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I’ve been letting the plan do its thing, but I’m definitely irritated lately at having a new FTP every few weeks, which changes by 2-4 watts and then drops my PLs which feels like it’s stalling out my progression, because y’all, I am not a high FTP person (smallish lady, ftp currently around 190) but I cannot tell a difference in that few watts when I’m mostly doing VO2 and anaerobic workouts at the current phase. I’d rather have the progression in interval/rest length.


I’m increasingly of the opinion that PLs have been a little bit of a mis-step by TR. Because if you don’t want people chasing them, but you need to tell people not to chase them, then frankly your product isn’t working right. I would personally have implemented the concept of adaptive training but not put any numbers next to the workouts. Just say it will automatically adjust to your needs and leave it at that.

But I have a friend or two using PLs and I’ve watched in concern as their talk has turned to “going to try an 8.7 today”, and “bumping out my 4.5 for a 6.3” and so on, resulting in a training block where virtually every threshold or over-under workout was all but an FTP test, littered with failed intervals and back-pedals.

With that said, my advice to the OP: follow the PLs and test at the end of each training block. If your FTP increases but you don’t like how low your PLs have dropped, knock a little off your FTP then manually replace your first week of workouts with higher PLs, before starting the process again and seeing how you get on.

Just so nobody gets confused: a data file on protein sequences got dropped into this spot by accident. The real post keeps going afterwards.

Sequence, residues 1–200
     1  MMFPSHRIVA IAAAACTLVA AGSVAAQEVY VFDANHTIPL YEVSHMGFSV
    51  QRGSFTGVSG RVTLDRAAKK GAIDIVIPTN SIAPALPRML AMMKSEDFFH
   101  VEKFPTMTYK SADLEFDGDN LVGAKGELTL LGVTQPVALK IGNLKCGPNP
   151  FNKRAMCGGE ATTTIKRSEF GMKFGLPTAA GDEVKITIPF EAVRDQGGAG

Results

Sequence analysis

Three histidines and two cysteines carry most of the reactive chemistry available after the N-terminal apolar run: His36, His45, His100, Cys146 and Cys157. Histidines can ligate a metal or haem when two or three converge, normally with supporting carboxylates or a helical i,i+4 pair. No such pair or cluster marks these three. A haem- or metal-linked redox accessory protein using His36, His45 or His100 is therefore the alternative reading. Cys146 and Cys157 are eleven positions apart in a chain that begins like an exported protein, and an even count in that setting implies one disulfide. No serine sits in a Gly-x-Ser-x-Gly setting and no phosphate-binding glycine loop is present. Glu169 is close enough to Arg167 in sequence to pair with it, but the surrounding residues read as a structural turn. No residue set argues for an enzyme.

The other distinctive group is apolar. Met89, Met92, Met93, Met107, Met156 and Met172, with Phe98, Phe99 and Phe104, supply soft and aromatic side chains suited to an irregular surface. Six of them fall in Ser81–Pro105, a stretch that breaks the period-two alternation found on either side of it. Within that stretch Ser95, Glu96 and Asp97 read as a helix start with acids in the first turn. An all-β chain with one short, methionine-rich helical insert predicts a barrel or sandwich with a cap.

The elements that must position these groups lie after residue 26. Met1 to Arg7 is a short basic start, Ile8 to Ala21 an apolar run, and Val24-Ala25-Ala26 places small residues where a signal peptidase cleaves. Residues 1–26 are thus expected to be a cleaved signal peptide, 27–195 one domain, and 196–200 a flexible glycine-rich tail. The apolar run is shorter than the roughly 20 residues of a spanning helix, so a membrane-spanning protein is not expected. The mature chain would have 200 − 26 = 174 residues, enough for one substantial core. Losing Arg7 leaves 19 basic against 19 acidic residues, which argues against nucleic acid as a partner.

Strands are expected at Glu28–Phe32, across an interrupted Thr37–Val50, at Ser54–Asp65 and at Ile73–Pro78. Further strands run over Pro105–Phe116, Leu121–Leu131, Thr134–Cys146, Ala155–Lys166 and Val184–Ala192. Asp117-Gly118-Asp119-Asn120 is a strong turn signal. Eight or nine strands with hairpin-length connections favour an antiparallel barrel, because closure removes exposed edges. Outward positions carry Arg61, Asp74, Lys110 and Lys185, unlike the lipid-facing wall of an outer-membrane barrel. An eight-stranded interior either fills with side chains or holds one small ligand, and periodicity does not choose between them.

That’s what Ive been kind of doing… but instead of trying to hit PL 10’s, I’ve been trying to up the power in rest intervals… I dunno if it’s helping or not, but my average power for sessions seems to be creeping up… which I’m hoping benefits me on my outdoor rides.

There are threshold workouts in Library that go up to 105%, so of your ftp really is more than 10% like in your example you’d still be in the right zone

Yes, but a 100% would be at 90%. And 90% would really be at 80%. And 120% would be more like 108%…

So if you are doing 105/95 over/unders they would be more like 97/85 and you aren’t doing to over hard enough to go sufficiently anaerobic and stress your system in the unders to catch up. If you’re doing your 120% VO2max but its really 108% you probably aren’t going hard enough for the short period of the intervals to achieve vo2max state (you could extend the intervals and eventually get there.)

Are you doing work? yes. Are you working in the right zones to develop the desired adaptions? Maybe yes, maybe no.

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The higher PL VO2 intervals are probably longer, so there’s probably more chance of hitting your actual VO2, and increase Tiz at same time… no?